Collateral Murder YouTube Video: U.S. Apache Attack At Heart Of Bradley Manning Trial
Private First Class Bradley Manning first became aware of the extent of American wrongdoing in Iraq when a fellow soldier discussed this "war porn" video depicting several people being gunned down by an air assault team. The soldier mentioned that the video was available for access on a back-up storage area partitioned off in a computer or a network. He set off to find it.
The full video is 39 minutes unedited. Grainy and black and white, it looks like something out of a video game played by teenage boys but without any special effects or decent graphics. Manning was "troubled" by it enough to find out what happened. He researched it to discover that the video corresponded to the death of two Reuters journalists.
This was to become the video now at the center of Bradley Manning's trial that begins toMonday.
Manning leaked the video in 2009 to WikiLeaks when he was serving as an intelligence analyst in Iraq. WikiLeaks released an edited (below) and unedited version of the video under the title "Collateral Murder." Civilian casualties have always been a by-product of war but that does not mean it is something worth accepting as, well, collateral damage.
The July 12, 2007 incident in Baghdad captured in the video shows two U.S. Army Apache helicopters attack a group of men gathered in an open neighborhood. The soldiers mistook the cameras of the two Reuters reporters for weapons and requested permission to "engage" or fire on them. The ensuing chaos was further compounded when the soldiers misidentified an unrelated passer-by in a van approached one of the wounded journalists as an accomplice trying to remove weapons and bodies before the army.
Two children in the van were wounded and all adult men, including the children's father, died.
CNN investigated the cause of the confusion and found that the soldiers had been under fire all morning from rocket-propelled grenades (RPGs) and small arms that day. The two Apaches had been dispatched to assist ground troops with clearing the small-scale insurgencies in that area. The Pentagon has insisted that the soldiers had no way of differentiating the photojournalists from insurgents.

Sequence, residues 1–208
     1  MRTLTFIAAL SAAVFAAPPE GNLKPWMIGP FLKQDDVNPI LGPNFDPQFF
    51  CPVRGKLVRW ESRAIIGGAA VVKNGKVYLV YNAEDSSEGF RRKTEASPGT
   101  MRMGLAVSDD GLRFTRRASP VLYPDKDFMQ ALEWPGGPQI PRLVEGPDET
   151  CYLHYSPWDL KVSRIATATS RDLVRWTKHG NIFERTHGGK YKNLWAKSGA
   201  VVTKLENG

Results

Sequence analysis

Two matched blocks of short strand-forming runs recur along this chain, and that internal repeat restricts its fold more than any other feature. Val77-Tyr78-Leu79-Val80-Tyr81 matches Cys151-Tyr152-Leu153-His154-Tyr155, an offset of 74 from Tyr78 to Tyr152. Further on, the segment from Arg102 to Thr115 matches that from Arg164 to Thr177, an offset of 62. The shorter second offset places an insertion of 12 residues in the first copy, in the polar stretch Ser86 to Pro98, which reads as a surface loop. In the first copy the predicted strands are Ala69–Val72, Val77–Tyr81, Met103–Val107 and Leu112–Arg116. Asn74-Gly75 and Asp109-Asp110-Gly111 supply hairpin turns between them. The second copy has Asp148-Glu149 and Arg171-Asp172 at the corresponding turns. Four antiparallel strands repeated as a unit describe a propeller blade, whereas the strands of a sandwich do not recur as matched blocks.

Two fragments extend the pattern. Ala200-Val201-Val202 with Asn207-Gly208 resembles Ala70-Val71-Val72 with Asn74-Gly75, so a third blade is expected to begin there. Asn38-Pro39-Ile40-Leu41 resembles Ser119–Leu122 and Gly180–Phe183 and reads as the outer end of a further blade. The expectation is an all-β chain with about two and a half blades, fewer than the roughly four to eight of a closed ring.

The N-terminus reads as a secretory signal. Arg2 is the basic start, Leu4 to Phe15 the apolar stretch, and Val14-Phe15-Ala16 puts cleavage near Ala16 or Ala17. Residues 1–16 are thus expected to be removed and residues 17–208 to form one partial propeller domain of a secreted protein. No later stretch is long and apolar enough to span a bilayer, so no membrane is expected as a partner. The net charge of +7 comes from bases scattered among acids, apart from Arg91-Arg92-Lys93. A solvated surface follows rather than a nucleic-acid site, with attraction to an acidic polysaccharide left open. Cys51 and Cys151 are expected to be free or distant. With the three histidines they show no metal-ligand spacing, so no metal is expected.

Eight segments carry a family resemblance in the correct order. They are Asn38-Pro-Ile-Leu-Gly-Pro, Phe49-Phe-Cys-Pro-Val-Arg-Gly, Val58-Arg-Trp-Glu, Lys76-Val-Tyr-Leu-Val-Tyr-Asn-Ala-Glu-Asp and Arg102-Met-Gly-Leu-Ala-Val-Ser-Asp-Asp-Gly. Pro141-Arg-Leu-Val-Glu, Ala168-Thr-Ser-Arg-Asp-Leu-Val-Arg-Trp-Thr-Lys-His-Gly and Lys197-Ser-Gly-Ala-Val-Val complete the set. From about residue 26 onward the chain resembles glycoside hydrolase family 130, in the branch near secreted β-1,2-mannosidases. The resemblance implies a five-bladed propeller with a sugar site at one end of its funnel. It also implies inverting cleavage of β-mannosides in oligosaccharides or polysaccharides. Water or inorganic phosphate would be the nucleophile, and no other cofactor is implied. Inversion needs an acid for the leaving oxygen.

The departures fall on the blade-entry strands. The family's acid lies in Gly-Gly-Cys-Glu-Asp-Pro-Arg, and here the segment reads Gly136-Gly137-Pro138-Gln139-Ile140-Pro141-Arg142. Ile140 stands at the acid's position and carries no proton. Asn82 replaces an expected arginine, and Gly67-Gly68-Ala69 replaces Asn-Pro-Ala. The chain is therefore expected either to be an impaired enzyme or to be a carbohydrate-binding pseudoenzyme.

"It must be noted that details which are readily apparent when viewed on a large video monitor are not necessarily apparent to the Apache pilots during a live-fire engagement," the Pentagon's report stated.
Manning's impetus in releasing the video wasn't just the attack on the journalists, it was the "alarming bloodlust" of the Apache soldiers. Even if the Pentagon is to be believed that the soldiers had no way of knowing who the individuals were, their insistence and clearly evident hunger for violence should be the central focus of the discussion surrounding it.
Manning discussed this in his testimony earlier this year:
The documents leaked by Manning also show other cases of attacks against unarmed civilians. President Obama has cited this as one of the reasons he prefers using drones over manned combat. But it isn't enough.
If Manning's trial and the video that started it all have any impact at all, it should be in the increased policies and procedures to avoid civilian deaths, or to do all things possible to rectify and take responsibility for them.